Air Force pilot Chandra Mahesh Kanayanam (Suriya) resigns from the Air Force with a hope of launching a low-cost airline for the masses. Ensuring he does not is Jazz Airways owner Paresh Goswami (Paresh Rawal). Paresh is not happy with the idea of his driver/cook/cleaner being his co-passengers and makes clear with Maha in their first meeting. In the midst of his odyssey, he marries Sundari (Aparna Balamurali). Mahi’s Mom (Urvashi) is supportive of Maha’s vision. Maha gets in touch with Prakash Babu (Prakash Belawadi) who promises to fund Maha’s low-cost airlines. As luck would have it (and to add to the viewing time), Prakash happens to be one of Paresh’s cronies. Any and all (including the DGCA) doors that Maha knocks is answered by one of Paresh’s cronies. Will Maha succeed in his dreams, from where does he garner the support, do the masses trust Maha and his vision form the rest of the story.
Indian biopics and biographies start off with a disadvantage where credibility is the first casualty. Either it is syrupy and vexing eloquence on the protagonist (Gunjan for example) or it is said to become quasi documentary like in the case of Patel or a farce like with Manmohan Singh. Aakasham Nee Haddura is a bit of all this and more. It is too dramatic. Like many films in South India, the star gets the better of the actor. Overdramatic histrionics robs the narrative of its credibility. Film maker Sudha Kongara falls prey to the regular plot holes. For instance, and this is just one example, notice how needlessly dramatic is the scene where Maha begs for money at an airport to take a ticket back home. Surely subtlety could have won the director the hour. Instead, she chooses to drag and drag. Effectively, this takes an exhausting toll on the viewer. In the cast, Gnanasambandham as the father, Srinivasan in the hotel are but examples of how being overdramatic is the rule of the game.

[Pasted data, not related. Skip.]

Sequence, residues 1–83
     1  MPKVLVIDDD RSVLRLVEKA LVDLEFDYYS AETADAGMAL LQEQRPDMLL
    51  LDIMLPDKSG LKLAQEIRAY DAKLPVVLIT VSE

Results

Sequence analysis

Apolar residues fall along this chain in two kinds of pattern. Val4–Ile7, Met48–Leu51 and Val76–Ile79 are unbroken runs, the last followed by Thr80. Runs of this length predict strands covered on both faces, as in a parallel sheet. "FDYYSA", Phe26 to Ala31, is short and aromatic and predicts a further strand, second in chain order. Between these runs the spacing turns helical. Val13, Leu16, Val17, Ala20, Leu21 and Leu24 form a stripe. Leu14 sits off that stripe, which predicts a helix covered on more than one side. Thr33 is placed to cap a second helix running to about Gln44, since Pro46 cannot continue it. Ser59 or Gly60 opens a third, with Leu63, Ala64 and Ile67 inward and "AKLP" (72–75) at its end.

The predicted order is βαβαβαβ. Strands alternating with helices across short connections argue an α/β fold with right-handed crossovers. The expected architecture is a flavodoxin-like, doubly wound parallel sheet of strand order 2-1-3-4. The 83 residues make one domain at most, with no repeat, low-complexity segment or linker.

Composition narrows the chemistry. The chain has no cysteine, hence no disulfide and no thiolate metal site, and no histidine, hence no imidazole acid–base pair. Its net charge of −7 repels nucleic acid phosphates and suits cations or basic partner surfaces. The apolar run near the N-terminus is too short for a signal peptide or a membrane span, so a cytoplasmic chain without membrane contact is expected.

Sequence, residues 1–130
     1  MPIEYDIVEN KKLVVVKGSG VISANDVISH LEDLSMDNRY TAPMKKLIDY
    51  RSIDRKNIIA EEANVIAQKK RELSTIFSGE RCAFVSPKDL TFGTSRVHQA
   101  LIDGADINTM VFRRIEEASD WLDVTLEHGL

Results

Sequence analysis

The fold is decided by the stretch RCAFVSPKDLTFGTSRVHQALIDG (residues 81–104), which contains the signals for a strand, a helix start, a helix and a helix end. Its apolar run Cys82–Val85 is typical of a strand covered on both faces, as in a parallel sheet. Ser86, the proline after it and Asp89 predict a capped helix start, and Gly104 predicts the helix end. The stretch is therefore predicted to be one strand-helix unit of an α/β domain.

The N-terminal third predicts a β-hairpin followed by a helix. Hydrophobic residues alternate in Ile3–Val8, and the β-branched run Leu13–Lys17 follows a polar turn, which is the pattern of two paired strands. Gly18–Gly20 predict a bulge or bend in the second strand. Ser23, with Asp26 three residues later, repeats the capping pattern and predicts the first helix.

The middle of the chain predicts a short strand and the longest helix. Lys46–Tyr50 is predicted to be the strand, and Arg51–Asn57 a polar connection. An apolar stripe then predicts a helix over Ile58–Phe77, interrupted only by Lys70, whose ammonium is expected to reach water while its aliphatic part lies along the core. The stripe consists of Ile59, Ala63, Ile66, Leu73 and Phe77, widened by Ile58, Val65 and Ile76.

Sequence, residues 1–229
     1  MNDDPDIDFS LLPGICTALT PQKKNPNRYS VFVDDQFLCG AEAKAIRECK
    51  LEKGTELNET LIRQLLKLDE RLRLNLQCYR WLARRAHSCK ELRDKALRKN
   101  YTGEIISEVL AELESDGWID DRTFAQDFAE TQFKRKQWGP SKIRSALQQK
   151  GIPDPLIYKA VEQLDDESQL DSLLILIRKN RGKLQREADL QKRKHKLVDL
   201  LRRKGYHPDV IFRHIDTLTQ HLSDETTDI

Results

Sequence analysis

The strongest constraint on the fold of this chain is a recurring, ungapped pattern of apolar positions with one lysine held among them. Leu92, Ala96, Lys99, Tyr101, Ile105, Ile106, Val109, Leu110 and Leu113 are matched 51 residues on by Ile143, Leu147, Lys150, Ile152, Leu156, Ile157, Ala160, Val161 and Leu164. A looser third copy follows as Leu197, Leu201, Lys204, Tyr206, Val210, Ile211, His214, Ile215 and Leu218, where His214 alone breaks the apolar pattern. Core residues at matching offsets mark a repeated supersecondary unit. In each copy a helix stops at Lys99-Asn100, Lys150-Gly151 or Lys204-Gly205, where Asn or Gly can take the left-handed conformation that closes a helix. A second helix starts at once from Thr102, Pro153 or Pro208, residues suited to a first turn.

In the midst of this is a glaringly inconsistent performance from the star Suriya. There are moments when is his suave, controlled and proving his acting calibre. And then there are scenes when he is loud and hopelessly over the top. Suriya perhaps is catering to the calls of the director. Surely the actor has reached a stage where he could put his foot down and refused to be a part of such demands. People in south cinema must come to terms to the fact that they have a pan India audience. While watching it in Telugu, the dubbing (Rana?) is listless and does not match the dramatic octaves of Suriya. In the post Covid scenario, with cinema viewers having the privilege of watching Malayalam cinema, it is sad indeed that mainstream stars fall apery to needless over-dramatics in the name of acting. It is even more tragic when established actors with tremendous talent like Suriya fall prey and do not put their foot down. In contrast, Aparna Balamurali does not fall into the regular mould of the good-looking heroines and takes her task of playing tough serious. Hopefully this could signal a message to actresses that there is more to being a heroine even while playing second fiddle and show some character and refusing to be just a glamour doll.
From a Suriya perspective, namely from the star content, the stars in the clouds scream more than glitter. This poor man’s flight doesn’t really take off.